This year’s NSAA Winter Trade Shows, East, and West, had an excellent session of looking at the future of lift maintenance. For those who have read previous Steep Newsletters know that I have advocated for some form of discussion relating to certification of lift mechanics in the USA. These sessions labeled, “Lift Maintenance Programs- Introducing Quality While Keeping Flexibility.” Both sessions were presented by Mark Petrozzi, Principal of AlpenRisk Safety Advisors, LLC. Supporting Mark was Sid Roslund, Director of Technical Services for NSAA.
Hats off to Mark and Sid for putting together an excellent presentation. I found the attendee’s participation stimulating and encouraging. The acceptance of a coming together of lift maintenance personnel within the industry to begin exploring the necessity of collecting complete and consistent data on the care and maintenance of ski lifts was personally encouraging. A sub-committee within the ANSI (ASC) B77 committee has been formed to take this effort to the next level.
B77 positively and clearly states the responsibility of a ski area/resort in the area of maintenance, Section 1.5.4 Operation and Maintenance
- The owner’s QA program for all ropeways shall include verification and documentation that the ropeway is operated and maintained by the design criteria, including the performance of in-use periodic testing by qualified personnel.
As Mark so ably pointed out the existence of a well written “Quality Assurance,” QA, program is essential to the genesis of a sound maintenance program. The fact is that the owner of the ski area/resort under B77 is the responsible party. I am willing to wager that there are some if not many owners who are not aware of their responsibility. It reinforces my notion that good maintenance programs start from the top. The owner’s responsibility to maintenance, which is mentioned in several sections of B77 is very definitively spelled out in 22.214.171.124:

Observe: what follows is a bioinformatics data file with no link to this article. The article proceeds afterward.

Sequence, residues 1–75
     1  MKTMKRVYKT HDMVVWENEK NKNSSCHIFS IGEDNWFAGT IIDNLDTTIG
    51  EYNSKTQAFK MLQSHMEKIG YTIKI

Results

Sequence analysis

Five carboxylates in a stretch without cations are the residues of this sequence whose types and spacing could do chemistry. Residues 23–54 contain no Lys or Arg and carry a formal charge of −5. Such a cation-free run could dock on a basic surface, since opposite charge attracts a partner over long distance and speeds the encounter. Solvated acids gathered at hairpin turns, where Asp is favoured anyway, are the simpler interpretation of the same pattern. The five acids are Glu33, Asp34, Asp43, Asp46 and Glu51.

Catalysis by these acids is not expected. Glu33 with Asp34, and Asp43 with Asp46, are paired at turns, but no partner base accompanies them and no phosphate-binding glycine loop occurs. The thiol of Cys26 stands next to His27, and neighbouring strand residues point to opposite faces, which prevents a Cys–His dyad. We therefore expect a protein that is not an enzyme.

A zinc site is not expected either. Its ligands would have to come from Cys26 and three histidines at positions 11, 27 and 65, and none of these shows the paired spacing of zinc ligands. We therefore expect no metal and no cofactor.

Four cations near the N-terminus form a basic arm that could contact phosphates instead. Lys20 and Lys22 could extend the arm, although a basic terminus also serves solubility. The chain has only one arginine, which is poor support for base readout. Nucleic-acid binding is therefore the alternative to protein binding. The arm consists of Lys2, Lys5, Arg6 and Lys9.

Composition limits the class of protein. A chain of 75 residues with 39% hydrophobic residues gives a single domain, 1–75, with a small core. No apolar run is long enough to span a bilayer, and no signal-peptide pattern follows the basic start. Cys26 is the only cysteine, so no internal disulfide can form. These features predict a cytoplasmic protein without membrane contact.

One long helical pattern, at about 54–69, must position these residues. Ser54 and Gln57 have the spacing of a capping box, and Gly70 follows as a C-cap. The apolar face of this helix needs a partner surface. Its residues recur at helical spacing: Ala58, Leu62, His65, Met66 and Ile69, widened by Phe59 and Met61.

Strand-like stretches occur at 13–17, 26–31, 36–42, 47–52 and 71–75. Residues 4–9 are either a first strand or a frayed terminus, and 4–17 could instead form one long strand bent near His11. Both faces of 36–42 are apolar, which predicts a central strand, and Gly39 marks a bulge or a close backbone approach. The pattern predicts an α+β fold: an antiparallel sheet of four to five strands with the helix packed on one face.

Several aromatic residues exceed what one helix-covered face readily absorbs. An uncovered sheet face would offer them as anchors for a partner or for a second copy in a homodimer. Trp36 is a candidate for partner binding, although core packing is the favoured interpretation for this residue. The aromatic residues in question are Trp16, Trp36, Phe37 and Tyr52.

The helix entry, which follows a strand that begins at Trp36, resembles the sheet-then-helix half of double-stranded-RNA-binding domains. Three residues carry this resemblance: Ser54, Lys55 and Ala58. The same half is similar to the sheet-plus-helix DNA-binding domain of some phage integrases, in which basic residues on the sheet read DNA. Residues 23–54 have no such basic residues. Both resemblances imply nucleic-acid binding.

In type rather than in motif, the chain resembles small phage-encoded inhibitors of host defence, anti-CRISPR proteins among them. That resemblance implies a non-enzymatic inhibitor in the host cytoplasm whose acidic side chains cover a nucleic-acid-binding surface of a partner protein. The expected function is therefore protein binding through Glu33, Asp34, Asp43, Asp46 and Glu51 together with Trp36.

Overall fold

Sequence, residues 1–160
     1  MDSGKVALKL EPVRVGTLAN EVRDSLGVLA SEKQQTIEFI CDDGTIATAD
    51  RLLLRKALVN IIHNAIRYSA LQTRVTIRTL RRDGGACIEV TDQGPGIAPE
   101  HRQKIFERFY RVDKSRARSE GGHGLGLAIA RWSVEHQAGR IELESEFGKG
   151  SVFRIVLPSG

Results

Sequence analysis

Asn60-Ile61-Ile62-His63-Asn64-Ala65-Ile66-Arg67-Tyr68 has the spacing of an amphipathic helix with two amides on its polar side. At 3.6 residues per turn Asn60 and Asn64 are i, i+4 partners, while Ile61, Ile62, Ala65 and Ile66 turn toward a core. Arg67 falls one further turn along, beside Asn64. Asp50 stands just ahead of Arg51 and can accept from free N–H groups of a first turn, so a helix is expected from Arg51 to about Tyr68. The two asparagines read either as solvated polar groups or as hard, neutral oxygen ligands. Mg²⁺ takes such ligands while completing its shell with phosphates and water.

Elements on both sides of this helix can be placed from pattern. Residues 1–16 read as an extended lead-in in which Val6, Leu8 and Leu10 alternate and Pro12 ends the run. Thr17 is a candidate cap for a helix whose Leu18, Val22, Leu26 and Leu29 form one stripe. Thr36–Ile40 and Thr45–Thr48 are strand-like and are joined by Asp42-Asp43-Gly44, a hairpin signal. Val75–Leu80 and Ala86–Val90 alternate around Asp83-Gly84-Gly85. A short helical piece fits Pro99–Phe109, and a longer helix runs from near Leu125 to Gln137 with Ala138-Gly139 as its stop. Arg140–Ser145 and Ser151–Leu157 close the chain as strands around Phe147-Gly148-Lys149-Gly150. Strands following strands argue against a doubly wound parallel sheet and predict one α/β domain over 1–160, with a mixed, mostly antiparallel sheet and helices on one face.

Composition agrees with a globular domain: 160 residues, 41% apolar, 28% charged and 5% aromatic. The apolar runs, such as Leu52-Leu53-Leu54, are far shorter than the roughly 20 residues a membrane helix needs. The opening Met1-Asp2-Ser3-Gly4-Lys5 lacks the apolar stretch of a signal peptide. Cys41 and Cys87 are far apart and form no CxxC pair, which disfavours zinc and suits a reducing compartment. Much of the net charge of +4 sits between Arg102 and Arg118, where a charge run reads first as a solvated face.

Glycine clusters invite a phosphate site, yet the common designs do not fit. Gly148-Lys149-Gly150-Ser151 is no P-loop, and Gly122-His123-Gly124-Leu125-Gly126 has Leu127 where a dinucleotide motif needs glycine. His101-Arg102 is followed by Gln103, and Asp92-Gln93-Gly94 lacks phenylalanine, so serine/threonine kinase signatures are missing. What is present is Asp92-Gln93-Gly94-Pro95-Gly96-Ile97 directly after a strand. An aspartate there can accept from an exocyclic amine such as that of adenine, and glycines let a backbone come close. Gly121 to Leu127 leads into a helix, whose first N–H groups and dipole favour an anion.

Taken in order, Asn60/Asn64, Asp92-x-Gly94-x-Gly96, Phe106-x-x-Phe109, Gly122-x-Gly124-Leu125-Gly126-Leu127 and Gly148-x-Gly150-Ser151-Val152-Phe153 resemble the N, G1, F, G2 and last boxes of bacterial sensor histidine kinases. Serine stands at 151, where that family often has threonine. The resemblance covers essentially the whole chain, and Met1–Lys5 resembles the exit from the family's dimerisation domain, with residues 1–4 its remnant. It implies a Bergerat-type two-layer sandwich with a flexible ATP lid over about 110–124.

- Aerial tramways shall be maintained by trained and competent personnel. The owners shall be responsible their supervision and training, and such training shall be documented.
I applaud Sid Roslund for being willing to push this training need forward. He has been doing so for many years even though rebuffed at times; he has been consistent in addressing the subject and has the vision to see the significant advantage of the ski industry taking leadership now rather than waiting till the outsiders come in and tell the ski industry how to train and maintain ski lifts. I encourage all in the lift maintenance world to support the efforts of this B77 sub-committee. Through my work, I have seen both ends of the spectrum, there is work to be done for sure, but there are some outstanding examples both large and small on how to do it right with training, documentation, and workmanship.